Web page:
by Ann Robson
Retirement decisions rank right up there with getting married, buying a house, having children and building a career. Life is not coming to an end. You are getting a chance to live the way you want, where you want.
My husband and I started thinking about retirement about five years before actually doing it. At first, our discussions were vague. Where would you like to go? What do you want to do? What lifestyle suits us best? I found a Rand McNally guide to retirement planning, and that helped us zero in on more specific things. The guide had a page in the beginning with a series of questions about what was important to you in a new location. I copied that page, and my husband and I answered the questions separately. It surprised me that we answered 19 of 20 questions in the same way.
We were living in a suburb of Detroit at the time, so my first concern was “safety and security.” His was “cultural activity.” When I asked him why he chose culture, he said that if a place offers diverse cultural activity, it likely has a lot of interesting things that go along with that. Hmmm, he was right.
Next step in the questionnaire was to match our answers to places that might be of interest, then to narrow that list to five spots. We wanted to stay close to the East Coast, as most of our family lives in the eastern part of Canada. We discovered that North Carolina had a similar climate—four seasons with winter being short and bearable.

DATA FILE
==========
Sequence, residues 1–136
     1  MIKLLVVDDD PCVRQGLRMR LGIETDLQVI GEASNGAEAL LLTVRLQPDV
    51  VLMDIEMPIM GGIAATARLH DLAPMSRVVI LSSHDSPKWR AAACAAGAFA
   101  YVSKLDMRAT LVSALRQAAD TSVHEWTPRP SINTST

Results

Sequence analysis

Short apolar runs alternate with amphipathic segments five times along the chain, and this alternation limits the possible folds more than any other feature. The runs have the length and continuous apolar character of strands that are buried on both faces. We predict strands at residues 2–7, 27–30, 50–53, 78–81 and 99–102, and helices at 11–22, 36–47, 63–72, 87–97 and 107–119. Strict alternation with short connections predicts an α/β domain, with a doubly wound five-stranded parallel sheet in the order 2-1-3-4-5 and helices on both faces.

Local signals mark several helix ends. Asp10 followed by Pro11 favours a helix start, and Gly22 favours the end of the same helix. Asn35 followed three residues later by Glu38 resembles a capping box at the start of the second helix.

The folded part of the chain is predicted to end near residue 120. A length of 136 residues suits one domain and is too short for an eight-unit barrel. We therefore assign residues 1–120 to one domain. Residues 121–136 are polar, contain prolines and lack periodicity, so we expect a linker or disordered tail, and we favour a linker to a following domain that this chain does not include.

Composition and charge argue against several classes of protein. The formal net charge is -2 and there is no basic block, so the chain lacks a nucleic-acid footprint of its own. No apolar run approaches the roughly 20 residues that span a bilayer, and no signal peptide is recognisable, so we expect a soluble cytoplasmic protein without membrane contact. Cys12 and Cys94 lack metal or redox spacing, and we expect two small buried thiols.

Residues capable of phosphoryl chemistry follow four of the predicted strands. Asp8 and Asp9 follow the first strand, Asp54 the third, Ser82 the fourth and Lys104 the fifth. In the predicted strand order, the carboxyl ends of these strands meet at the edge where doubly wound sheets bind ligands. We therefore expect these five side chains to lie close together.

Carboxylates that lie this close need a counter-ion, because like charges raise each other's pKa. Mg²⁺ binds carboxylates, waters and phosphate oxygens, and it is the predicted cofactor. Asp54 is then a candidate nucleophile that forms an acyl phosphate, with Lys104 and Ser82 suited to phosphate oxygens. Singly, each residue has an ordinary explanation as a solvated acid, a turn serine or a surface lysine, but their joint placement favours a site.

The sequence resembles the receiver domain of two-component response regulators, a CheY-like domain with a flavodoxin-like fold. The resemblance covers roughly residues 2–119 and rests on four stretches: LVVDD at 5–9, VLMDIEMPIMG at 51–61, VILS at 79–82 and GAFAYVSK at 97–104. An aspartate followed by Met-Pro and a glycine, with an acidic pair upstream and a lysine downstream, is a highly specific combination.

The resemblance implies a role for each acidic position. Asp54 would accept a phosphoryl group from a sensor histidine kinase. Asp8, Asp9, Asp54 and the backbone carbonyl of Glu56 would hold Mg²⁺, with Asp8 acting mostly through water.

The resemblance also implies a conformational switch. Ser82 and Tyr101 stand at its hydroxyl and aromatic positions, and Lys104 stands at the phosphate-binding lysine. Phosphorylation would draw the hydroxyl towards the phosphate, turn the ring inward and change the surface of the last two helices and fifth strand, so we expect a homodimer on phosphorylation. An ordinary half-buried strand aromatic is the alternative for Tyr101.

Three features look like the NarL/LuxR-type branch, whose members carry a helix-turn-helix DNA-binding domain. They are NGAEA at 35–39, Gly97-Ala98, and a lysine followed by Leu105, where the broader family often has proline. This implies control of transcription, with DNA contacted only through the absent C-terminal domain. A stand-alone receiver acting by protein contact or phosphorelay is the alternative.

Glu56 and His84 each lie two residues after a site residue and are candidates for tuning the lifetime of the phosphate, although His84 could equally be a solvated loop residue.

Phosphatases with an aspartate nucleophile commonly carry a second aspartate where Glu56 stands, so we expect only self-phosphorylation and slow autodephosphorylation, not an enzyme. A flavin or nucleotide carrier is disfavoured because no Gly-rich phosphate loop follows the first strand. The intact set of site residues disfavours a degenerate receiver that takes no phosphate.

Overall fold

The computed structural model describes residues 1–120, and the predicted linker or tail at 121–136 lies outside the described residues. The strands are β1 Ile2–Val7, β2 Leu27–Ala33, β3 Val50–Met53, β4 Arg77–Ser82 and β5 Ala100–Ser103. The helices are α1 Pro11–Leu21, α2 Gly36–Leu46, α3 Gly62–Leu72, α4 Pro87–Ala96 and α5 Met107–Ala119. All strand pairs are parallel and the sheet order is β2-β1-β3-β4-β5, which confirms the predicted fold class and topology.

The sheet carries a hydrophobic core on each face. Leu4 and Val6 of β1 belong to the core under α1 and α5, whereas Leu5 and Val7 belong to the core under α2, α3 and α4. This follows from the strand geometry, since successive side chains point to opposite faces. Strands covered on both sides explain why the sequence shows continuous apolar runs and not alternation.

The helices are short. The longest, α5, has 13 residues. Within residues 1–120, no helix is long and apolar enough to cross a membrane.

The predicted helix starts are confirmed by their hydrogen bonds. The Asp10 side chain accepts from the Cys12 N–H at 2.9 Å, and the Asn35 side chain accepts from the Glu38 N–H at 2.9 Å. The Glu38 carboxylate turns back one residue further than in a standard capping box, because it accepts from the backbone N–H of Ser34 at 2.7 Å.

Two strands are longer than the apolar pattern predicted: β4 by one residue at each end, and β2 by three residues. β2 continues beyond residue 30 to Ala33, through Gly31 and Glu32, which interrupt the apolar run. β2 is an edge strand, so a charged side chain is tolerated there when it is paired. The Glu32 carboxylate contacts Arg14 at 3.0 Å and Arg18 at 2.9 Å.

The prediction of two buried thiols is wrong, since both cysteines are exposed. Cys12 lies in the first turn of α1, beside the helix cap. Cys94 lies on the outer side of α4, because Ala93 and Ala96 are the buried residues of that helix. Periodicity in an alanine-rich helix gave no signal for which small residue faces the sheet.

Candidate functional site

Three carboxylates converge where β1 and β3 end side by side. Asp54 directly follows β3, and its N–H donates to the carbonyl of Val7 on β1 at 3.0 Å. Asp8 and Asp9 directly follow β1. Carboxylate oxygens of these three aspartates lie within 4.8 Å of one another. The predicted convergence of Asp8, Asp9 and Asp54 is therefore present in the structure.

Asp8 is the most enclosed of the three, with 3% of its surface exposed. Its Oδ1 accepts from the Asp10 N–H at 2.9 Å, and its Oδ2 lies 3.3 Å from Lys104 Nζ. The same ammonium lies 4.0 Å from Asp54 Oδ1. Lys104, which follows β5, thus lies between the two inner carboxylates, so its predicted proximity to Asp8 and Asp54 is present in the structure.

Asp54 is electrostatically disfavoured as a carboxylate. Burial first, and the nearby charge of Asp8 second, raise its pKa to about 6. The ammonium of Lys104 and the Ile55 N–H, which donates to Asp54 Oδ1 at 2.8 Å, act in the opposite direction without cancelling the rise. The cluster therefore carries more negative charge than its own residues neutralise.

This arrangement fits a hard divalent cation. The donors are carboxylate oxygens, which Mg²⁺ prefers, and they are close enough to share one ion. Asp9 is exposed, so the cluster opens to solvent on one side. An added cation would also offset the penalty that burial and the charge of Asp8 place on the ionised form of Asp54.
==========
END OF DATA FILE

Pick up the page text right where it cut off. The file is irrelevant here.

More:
We took a road trip with our list of five places as destinations. We ruled out Hilton Head and Columbia, South Carolina, before heading to Hendersonville, North Carolina, where friends lived. Next, we came to Moore County, where Pinehurst was first on our list. After a day with a Realtor, we, quite by chance, found Whispering Pines. It was close to love at first sight. We found a lot that backed onto one of the golf courses and decided to buy it and build.
Whispering Pines was a hidden gem in 1994 when we were looking. We liked that we could get to the Triangle area (which was one of the five places on our list) in reasonable time for any cultural, sporting or shopping trips and still come home to our peaceful respite in the pines. We began construction in late 1996 and moved in June 1997. It’s one of the best decisions we’ve made.
We had moved several times but never had a choice of location. Retirement gave us that freedom. Many may prefer to age in place close to family, friends and familiar surroundings. Some choose to leave “home” and find a new home. One piece of important advice for those who have not moved often: try to find a place where there are other “transplants.” You’ll have an immediate bond with them.
Another truth is to retire to something, rather than think you are retiring from your life as you know it. We now marvel that we’ve been retired in North Carolina for 20 years.